Amazon's history in grocery goes back more than a decade, but up until this year, the company's strategy was unclear. After slowly expanding its online options, the e-commerce giant acquired Whole Foods in 2017 but struggled to improve the specialty grocer's sales and didn't seem interested in doing much beyond offering Prime discounts.
Then in February, Amazon threw open the doors on its first cashierless grocery store, Go Grocery, followed soon after by the first few locations of its homegrown supermarket, Amazon Fresh, which combines a full assortment and signature technology, like the Dash Cart. And now it's clear: Amazon is building an ecosystem to thoroughly disrupt the grocery industry.
The foundation of Amazon’s grocery business is based on the “overwhelming” customer response to the free, two-hour delivery offered by Prime Now, which launched in 2015, Jeff Helbling, vice president of Amazon Fresh, said in an email.
Amazon's multi-format approach to grocery isn't unique. But the difference is the layer of proprietary technology the company has added to its brick-and-mortar experience combined with its legacy strength in e-commerce.
What really makes Amazon a disruptor, though, is its ability to create a “connected home” that produces an ecosystem around each shopper, Anne Mezzenga, co-CEO of retail blog Omni Talk, said. “I think they have so much information about who we are and how we shop and can anticipate the needs of their customers before we even know what those needs are,” Mezzenga said.
Along with the new store formats, Amazon has rolled out technology to streamline the shopping experience, like its palm-reading payment tools and an in-garage delivery pilot. “As with all things at Amazon, we innovate on behalf of our customers across all of our businesses, and that includes the grocery space,” Helbling said.
The Go Grocery stores utilize the company’s Just Walk Out technology, which uses computer-vision cameras, shelf sensors and machine-learning algorithms to figure out what shoppers are buying. The Fresh stores offer Alexa features, along with the Dash Carts for cashierless shopping.
Amazon benefits from having its technology at the center of its ecosystem, coupled with its future-minded planning, Rachel Dalton, who heads up e-commerce and omnichannel insights at Kantar, said.
“Amazon has a huge competitive advantage right now when it comes to advanced technologies that can help fuel the growth of online grocery and fulfillment just overall,” Dalton said. “I think that's where other grocers are going to have to do more to catch up.”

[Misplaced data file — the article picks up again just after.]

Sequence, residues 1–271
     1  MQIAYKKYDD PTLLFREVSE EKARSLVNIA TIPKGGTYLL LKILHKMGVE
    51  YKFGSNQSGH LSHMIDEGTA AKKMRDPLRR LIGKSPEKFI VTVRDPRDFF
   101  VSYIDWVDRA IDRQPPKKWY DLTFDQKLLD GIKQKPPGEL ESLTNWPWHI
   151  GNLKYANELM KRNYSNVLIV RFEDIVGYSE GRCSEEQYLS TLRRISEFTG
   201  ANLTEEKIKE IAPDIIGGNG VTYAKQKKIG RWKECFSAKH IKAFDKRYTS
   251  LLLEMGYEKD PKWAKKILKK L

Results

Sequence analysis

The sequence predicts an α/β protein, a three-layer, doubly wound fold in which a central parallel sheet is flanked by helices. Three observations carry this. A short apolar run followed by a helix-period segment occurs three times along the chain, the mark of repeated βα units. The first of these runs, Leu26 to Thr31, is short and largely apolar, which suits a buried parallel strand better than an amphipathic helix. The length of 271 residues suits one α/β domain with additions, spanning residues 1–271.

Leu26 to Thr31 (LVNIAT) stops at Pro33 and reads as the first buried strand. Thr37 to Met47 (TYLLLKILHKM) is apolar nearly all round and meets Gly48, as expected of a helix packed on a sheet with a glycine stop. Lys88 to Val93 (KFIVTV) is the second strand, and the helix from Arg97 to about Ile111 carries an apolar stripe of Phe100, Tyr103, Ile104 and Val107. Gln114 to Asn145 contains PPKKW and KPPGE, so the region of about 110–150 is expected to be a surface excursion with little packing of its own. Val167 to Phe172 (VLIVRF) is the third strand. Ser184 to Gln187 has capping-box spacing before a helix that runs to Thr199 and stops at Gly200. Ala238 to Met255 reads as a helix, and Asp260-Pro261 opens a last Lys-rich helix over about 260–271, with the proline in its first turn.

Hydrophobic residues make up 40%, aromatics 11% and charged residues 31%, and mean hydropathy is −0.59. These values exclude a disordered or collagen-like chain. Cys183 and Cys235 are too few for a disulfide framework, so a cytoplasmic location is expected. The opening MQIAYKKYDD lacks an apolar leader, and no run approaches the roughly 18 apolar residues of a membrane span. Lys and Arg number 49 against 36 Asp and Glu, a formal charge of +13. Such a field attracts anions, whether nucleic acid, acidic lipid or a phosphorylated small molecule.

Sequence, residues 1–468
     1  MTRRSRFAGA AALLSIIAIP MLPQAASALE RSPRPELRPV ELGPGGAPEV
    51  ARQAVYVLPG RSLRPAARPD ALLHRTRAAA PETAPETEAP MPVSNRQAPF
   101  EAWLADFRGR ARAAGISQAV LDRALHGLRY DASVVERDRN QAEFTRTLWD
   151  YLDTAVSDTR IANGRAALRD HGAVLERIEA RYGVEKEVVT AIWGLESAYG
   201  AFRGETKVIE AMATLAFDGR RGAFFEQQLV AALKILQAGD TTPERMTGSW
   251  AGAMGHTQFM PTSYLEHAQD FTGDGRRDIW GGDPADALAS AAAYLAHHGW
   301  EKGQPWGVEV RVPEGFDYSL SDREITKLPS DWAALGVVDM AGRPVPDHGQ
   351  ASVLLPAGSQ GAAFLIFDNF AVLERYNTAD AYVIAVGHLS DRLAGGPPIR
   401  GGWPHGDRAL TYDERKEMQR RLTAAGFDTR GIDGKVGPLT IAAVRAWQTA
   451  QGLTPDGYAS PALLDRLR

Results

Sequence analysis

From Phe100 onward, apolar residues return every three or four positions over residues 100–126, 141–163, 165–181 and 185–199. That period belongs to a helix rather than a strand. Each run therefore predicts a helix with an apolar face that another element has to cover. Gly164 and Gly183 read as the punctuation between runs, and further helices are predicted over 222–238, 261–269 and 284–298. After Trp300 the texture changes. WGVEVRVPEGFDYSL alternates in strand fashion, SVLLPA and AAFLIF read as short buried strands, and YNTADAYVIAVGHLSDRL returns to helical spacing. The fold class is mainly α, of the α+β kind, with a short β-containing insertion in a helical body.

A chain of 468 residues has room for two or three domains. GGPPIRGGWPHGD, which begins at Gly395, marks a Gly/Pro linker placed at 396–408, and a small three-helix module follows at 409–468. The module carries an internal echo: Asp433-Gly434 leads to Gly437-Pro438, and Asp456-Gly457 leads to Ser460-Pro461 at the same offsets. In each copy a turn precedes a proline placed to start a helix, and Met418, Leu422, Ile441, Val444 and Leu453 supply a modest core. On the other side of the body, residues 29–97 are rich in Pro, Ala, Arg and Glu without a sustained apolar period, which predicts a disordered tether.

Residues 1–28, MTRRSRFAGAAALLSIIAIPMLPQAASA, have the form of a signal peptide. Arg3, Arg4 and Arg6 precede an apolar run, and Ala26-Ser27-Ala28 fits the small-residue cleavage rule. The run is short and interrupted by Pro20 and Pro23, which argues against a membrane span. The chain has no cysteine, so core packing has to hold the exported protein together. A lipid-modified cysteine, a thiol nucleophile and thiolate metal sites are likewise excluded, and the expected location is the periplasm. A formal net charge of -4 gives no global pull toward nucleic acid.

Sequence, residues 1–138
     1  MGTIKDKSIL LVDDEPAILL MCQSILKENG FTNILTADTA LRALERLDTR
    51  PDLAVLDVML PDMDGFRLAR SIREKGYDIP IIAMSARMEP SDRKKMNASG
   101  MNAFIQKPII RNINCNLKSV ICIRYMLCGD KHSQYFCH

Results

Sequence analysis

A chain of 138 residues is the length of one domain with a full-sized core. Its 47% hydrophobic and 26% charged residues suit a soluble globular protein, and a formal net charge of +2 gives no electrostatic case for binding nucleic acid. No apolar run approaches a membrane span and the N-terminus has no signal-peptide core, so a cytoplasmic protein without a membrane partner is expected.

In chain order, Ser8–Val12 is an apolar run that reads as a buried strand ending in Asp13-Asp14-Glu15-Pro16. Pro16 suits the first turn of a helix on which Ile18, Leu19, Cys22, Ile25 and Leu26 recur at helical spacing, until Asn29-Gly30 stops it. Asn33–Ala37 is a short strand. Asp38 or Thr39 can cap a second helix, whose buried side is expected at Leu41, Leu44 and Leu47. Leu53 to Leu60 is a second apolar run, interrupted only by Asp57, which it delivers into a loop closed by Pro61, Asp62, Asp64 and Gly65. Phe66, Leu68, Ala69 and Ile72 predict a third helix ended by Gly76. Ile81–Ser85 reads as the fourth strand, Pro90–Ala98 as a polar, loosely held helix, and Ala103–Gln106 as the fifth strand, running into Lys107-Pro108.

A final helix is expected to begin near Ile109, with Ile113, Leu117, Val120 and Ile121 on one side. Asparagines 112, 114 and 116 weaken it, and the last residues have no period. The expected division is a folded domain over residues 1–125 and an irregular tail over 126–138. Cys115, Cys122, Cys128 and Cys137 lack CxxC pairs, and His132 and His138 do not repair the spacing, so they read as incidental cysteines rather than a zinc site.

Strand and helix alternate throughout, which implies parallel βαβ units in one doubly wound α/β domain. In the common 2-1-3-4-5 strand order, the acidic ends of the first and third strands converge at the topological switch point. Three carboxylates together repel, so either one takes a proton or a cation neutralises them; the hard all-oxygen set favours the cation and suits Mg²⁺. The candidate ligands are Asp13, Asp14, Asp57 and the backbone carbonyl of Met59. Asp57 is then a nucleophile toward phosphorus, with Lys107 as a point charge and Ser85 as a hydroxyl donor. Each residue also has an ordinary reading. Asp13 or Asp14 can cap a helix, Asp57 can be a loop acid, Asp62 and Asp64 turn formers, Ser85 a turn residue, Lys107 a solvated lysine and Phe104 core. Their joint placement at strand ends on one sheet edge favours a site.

Meanwhile, Whole Foods opened more than a dozen stores this year and expanded pickup to all of its U.S. locations. As the pandemic impacted in-store traffic, it converted several locations to dark stores. In addition, delivery through Whole Foods or Amazon Fresh is currently available in more than 2,000 cities.
Helbling said that Amazon’s three grocery properties are unique: natural and organic groceries at Whole Foods; low prices and seamless in-store and online shopping at Amazon Fresh; and the Just Walk Out technology and mix of local, national, organic and conventional offerings at Go Grocery.
Timeline of Amazon's moves in the grocery space in 2020
First Go Grocery store debuts
Amazon begins selling its cashierless tech to retailers
Whole Foods opens first dark store
First Amazon Fresh store opens to the public
Contractors now picking and delivering online Whole Foods orders
Launches palm-reading tool
Pickup expands to all U.S. Whole Foods stores
Third and fourth Amazon Fresh stores open
Key In-Garage Grocery Delivery services rolling out to five cities
While Dalton said Amazon hasn’t yet become a go-to grocer like Kroger or Walmart, the e-commerce giant is making waves as it looks to become a leader in the grocery space: “All grocers have their eyes on Amazon right now and what Amazon is doing.”
While it's made significant strides in the grocery industry, Amazon has also faced a variety of challenges this year. When the pandemic caused panic buying and out-of-stocks, Amazon had trouble filling orders and temporarily closed Prime Pantry. In September, reports detailed Whole Foods employees complaining that Amazon Prime shoppers were overrunning the stores. In the summer, Walmart unveiled its Walmart+ membership in a bid to compete with Amazon Prime.
Looking ahead, Helbling said Amazon will continue to expand its omnichannel footprint. The retail giant is still playing catchup when it comes to having stores within a competitive distance to grocers and mass retailers like Walmart and Kroger — a key component to omnichannel strategy, Dalton said. Compared to Walmart’s more than 5,300 U.S. retail units and Kroger’s nearly 3,000 stores, Amazon currently has just under 500 grocery stores in the U.S. But expansion plans are in the works for Amazon. According to research from R5 Capital, Amazon is tracking toward having more than 2,000 locations between Whole Foods and Amazon Fresh, with Fresh constituting the majority of those locations.
With retail vacancies exacerbated by the coronavirus pandemic and Amazon’s net income of more than $5 million reported in the second quarter, the company has the resources to open more physical stores. “If Amazon wants to scale, I don’t think it’s going to take them very long to do that… Time is really the only thing they are going up against,” Mezzenga said.